Taiso Yoshitoshi (1839 - 1892) The Departure From Kagoshima to Kumamoto Castle, 1877. Oban Triptych.
Click here for a full-size image.
As far as we can tell this triptych remains unrecorded by Roger Keyes and is, if not entirely unknown, is obscure in any reliable form to current scholarship. Yoshitoshi worked on nearly a dozen triptychs that form a kind of series (and certainly a kind of obsession) during 1877. The subject matter was the rebellion of samurai from Satsuma Province and their subsequent suppression.
Nearly a decade after the successful 1868 revolution and subsequent restoration of the Meiji monarchy, Saigō Takamori, a member of the government, disagreed strongly with the speed of modernisation, despite having overseen the development of the new army and other reforms. He returned to his home town of Kagoshima and set up a military school which soon attracted other disaffected samurai. The government responded by sending warships and a full scale conflict ensued. Although dismayed by the revolt, Saigō was reluctantly persuaded to lead the rebels who fought two significant battles against the Meiji government: the Siege of Kumamoto Castle and the Battle of Tabaruzaka.
After a failed assault on Kumamoto Castle, Saigō settled for a siege. Imperial reinforcements eventually forced their way through the rebel lines, lifting the siege. The remnants of Saigō's army retreated and Saigō and his remaining loyal samurai were encircled and annihilated at the Battle of Shiroyama. Mortally wounded, Saigō was killed by an aide in order that his death look like suicide.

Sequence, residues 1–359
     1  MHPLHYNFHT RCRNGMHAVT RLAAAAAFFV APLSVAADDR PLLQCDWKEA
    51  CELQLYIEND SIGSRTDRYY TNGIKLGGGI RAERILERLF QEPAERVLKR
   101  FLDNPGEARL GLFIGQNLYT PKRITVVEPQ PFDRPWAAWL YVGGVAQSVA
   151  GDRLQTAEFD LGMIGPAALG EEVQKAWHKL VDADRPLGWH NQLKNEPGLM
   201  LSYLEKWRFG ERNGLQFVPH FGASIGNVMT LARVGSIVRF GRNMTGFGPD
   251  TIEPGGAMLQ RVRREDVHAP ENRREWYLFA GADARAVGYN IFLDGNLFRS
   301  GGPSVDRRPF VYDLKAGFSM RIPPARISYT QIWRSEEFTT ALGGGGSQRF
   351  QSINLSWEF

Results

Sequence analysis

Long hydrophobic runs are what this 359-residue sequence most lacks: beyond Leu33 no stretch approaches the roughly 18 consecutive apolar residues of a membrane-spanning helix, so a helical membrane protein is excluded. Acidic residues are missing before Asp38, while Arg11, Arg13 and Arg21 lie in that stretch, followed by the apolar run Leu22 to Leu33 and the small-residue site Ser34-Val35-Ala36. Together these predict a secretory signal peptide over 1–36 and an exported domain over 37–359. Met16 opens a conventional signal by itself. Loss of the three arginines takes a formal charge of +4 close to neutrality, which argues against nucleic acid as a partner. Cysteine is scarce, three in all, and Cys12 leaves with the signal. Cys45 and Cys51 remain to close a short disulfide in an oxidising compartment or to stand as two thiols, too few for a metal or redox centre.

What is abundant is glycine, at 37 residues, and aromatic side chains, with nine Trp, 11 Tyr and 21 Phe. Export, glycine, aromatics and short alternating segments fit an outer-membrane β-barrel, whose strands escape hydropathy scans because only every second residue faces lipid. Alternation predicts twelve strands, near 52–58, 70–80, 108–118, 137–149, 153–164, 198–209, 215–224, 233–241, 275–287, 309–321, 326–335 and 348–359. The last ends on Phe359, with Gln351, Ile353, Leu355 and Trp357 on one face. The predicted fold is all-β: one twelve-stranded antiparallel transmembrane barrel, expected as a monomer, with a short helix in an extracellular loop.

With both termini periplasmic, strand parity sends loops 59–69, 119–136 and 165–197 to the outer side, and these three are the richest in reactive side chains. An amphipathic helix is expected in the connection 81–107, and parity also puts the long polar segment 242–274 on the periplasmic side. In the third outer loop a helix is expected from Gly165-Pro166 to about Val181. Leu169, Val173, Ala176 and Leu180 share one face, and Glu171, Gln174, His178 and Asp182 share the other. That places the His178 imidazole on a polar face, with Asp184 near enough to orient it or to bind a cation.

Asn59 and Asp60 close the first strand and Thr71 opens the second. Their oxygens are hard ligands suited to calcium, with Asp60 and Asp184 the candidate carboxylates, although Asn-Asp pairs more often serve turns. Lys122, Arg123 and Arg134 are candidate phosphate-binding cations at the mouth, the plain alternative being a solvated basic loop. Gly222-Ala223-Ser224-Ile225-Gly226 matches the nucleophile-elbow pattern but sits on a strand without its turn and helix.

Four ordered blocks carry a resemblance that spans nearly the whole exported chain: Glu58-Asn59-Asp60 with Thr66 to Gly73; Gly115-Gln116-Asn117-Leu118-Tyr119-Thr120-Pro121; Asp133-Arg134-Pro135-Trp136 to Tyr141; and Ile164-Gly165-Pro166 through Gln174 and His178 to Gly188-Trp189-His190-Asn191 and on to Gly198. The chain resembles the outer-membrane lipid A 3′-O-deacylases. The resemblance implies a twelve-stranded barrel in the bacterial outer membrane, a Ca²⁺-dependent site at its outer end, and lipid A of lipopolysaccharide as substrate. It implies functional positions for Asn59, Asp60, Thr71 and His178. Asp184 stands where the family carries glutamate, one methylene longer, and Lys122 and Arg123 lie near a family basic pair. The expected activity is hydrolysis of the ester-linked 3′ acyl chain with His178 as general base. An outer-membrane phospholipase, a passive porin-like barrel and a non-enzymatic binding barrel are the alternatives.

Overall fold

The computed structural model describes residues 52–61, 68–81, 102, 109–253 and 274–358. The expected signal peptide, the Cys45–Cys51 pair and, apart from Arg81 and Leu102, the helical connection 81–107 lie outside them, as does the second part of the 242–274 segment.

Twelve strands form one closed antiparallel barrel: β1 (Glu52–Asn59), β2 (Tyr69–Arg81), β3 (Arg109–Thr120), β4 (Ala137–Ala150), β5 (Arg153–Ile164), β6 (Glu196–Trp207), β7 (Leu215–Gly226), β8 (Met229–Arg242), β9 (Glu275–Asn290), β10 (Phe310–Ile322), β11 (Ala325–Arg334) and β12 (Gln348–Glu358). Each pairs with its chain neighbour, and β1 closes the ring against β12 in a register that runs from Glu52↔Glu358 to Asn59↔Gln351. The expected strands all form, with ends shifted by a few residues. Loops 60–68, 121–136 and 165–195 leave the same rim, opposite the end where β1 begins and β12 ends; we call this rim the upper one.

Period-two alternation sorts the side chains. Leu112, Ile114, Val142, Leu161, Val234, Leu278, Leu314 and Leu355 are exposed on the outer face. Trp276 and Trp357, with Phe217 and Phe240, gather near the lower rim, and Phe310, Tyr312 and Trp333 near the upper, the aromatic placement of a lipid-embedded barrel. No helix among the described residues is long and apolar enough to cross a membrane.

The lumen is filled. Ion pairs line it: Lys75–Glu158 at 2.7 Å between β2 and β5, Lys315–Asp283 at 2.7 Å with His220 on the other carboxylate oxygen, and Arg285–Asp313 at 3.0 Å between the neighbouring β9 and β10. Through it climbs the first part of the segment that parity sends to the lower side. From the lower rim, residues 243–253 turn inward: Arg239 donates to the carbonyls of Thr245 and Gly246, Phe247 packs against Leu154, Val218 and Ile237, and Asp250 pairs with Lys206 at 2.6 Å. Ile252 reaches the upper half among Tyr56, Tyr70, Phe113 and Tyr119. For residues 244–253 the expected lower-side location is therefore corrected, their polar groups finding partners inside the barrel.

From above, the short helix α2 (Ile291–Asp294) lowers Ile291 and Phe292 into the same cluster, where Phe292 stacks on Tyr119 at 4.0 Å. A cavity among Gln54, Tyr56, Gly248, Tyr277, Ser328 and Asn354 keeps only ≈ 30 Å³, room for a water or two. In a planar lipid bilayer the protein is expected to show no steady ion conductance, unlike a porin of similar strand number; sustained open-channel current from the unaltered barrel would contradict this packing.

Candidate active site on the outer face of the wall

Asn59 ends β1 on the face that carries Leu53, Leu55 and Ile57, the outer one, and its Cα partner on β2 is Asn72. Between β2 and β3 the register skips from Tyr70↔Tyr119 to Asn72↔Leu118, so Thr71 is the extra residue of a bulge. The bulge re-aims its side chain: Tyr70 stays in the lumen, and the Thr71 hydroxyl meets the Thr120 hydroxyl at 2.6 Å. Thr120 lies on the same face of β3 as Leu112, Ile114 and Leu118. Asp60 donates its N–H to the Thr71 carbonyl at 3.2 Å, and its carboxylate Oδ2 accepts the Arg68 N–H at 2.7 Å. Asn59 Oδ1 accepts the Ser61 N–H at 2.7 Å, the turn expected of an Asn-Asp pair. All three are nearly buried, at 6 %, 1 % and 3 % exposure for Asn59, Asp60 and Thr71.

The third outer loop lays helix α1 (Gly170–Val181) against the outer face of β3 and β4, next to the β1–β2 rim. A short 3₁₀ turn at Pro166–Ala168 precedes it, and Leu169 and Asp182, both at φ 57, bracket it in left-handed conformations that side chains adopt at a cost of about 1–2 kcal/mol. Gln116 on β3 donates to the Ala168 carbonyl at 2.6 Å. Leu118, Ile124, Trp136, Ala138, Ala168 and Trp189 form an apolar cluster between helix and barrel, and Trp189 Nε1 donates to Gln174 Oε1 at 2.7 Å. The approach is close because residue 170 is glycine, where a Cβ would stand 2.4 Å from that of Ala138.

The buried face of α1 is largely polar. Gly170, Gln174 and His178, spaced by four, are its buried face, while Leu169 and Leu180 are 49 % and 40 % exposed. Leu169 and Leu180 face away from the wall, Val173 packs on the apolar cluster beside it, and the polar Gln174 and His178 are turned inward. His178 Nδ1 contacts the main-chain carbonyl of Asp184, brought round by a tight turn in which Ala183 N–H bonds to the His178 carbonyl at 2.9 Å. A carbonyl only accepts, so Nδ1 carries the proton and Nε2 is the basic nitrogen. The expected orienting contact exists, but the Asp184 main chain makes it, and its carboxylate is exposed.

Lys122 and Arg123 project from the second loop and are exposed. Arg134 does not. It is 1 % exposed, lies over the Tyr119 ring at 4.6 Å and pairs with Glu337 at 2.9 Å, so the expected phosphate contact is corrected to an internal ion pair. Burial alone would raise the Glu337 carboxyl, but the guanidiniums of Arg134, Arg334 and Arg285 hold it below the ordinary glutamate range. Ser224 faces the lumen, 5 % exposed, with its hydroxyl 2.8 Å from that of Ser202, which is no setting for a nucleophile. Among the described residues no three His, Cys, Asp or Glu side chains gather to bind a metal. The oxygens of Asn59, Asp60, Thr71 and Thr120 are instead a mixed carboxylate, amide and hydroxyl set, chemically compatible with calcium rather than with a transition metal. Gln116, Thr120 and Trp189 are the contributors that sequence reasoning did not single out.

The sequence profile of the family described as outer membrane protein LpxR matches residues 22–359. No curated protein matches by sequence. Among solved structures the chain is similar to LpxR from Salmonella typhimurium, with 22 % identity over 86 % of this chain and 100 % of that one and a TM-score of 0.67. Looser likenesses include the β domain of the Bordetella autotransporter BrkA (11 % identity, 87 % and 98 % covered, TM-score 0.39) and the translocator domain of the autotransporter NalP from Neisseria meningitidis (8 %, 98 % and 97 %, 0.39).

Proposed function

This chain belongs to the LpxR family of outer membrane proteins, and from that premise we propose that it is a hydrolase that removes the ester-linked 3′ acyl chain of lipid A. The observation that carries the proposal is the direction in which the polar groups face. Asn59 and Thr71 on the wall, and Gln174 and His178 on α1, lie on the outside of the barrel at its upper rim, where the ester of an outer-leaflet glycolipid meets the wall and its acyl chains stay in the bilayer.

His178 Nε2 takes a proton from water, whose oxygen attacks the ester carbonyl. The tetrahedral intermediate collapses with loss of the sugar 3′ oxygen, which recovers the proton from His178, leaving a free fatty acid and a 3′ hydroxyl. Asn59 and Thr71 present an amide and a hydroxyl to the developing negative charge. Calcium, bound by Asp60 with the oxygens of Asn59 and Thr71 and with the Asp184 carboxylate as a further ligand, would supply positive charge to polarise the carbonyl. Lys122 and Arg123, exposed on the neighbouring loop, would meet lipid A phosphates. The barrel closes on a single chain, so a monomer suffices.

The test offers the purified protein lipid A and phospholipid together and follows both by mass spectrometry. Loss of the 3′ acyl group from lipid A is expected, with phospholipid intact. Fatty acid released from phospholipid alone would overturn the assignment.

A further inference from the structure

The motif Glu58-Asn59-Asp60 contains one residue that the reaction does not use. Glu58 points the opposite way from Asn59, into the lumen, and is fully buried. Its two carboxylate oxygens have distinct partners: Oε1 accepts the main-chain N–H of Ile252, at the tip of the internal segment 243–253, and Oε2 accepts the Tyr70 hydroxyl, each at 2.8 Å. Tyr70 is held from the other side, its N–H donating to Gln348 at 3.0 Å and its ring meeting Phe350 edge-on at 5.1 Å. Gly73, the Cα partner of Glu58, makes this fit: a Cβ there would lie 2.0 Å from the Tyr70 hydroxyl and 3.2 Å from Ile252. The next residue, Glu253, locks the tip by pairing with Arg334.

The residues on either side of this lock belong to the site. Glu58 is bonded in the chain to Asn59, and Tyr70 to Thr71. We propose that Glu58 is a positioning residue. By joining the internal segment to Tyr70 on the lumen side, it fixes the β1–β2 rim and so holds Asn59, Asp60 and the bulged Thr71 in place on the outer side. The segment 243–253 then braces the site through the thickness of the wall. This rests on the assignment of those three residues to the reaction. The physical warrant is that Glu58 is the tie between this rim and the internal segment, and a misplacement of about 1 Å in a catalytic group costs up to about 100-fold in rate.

This print, (unrecorded) shows the crucial moment that the doomed Saigō sets out to besiege the castle at Kumamoto, the decisive assault that would define the rebellion. He is seen in a western admiral’s hat seated on horseback, pointing with his sword. The other pointing figure at centre is likely to be Kirino Toshiaki. After his suicide, Saigo was decapitated by a fellow samurai. It is not clear what was done with Saigo's head immediately after his death. The head was somehow retrieved by the government forces and was reunited with Saigo's body, which was laid next to that of his deputies Kirino and Murata; an act that was witnessed by the American sea captain John Capen Hubbard. Nevertheless, a myth persists that the head was never found. As a consequence of his actions and death, Saigō Takamori is sometimes known as the last samurai.
The print is important, very rare indeed and no other copies are known outside one Japanese museum. It makes a useful contribution and completes the other Kagoshima triptychs of 1877.
Three sheets, unbacked attached with margins. Colour and impression are fine, the condition is very good, some old creases and scuffing but no major issues.
75 x 36 cm.